In FIG. 1, the vertical axis indicates the concentration of substitutional carbon atoms and the horizontal axis indicates the proportion of SiH3CH3 gas pressure relative to the total source gas pressure (i.e., SiH3CH3 gas pressure/(Si2H6 gas pressure+GeH4 gas pressure+SiH3CH3 gas pressure)). As shown by the solid line in FIG. 1, until the proportion of SiH3CH3 gas pressure reaches approximately 0.02 (substitutional carbon concentration of approximately 1%), the carbon concentration at the lattice positions linearly increases in proportion to the pressure of the SiH3CH3 gas. However, when the proportion of the SiH3CH3 gas pressure exceeds approximately 0.02, the increase rate of the substitutional carbon concentration tends to gradually decrease and saturates around 1.3%. On the other hand, as shown by the dashed line in FIG. 1, it is widely known that the total concentration of the carbon atoms contained in the crystal increases in proportion to the SiH3CH3 gas pressure ratio. Therefore, it is believed that the variance of the concentration of carbon atoms at the lattice positions between that shown by the solid line and that shown by the dashed line indicates that an excess of carbon (mainly carbon atoms other than those at the lattice positions) has been inserted into the crystal.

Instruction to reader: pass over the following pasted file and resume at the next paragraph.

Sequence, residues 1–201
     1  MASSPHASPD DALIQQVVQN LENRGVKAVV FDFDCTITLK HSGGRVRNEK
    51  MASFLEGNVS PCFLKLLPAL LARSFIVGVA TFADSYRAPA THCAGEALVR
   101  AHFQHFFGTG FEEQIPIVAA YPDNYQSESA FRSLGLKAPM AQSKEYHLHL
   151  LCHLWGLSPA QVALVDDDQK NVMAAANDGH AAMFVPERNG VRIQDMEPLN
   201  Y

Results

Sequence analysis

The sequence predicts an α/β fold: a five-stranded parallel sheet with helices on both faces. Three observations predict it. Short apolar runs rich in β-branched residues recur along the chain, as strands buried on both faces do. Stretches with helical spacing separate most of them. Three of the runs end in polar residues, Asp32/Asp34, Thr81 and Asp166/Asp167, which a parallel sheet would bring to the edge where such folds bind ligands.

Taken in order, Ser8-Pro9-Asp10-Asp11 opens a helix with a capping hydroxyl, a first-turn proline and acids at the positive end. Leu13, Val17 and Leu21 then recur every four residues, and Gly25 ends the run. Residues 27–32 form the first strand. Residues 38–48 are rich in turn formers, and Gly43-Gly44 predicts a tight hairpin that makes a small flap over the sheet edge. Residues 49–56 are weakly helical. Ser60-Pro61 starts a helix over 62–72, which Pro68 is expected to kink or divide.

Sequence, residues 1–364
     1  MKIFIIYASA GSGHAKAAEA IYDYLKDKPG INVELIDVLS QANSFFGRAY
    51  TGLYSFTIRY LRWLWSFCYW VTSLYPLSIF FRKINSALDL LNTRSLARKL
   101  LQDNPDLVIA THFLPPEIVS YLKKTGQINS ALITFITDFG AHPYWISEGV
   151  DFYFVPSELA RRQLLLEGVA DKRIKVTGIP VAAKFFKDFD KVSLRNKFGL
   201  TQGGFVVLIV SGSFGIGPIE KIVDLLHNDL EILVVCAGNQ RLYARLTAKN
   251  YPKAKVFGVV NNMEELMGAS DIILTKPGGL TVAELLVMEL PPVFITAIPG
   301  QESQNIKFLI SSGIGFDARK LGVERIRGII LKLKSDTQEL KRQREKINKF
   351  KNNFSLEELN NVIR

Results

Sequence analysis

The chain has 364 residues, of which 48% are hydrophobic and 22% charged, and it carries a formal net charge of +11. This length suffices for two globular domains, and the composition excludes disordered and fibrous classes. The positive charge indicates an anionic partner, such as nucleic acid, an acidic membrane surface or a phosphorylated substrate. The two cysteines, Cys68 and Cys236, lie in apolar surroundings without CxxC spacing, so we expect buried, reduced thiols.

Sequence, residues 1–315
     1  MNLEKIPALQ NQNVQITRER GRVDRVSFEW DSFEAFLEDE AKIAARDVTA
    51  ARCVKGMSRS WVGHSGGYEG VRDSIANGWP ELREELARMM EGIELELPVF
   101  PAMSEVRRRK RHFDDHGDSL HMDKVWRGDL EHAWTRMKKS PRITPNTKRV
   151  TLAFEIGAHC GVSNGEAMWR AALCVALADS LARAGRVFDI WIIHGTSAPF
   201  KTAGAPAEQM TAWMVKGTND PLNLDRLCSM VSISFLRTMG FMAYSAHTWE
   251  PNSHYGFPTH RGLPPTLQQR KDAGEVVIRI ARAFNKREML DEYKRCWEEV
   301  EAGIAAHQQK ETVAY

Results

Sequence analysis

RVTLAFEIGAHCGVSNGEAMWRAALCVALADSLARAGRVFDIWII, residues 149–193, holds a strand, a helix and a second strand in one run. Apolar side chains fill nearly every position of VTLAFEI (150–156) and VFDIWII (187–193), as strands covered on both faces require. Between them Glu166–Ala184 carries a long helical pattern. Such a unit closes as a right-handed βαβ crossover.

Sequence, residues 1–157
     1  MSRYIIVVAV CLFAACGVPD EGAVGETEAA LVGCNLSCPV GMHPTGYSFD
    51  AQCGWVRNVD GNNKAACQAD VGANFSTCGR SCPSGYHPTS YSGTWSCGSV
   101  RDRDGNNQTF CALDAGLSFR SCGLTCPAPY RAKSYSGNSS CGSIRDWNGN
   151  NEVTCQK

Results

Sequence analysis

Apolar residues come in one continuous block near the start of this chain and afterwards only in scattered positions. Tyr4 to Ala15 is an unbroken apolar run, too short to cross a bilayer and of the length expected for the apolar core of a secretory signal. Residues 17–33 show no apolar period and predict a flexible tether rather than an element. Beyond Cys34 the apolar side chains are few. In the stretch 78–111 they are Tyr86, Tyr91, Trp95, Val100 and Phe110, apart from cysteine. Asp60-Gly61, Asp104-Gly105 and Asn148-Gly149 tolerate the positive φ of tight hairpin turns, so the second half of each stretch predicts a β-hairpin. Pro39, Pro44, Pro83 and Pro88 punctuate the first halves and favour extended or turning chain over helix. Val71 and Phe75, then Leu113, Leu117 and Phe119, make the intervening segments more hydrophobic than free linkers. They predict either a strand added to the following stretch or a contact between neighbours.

From such experimental results and the like, it became clear that when the substitutional carbon concentration of carbon-containing Group IV element semiconductor crystals falls in the range from 0.5 to 2.0%, carbon atoms exist in interstitial sites, and particularly when the substitutional carbon concentration is in the range from 1.0 to 1.3%, the concentration of interstitial carbon atoms becomes high and the removal of these carbon atoms becomes necessary. A method for fabricating semiconductor crystals, such as SiGeC crystals, in which the interstitial carbon concentration is kept in a low range will be explained below.

(1) First Embodiment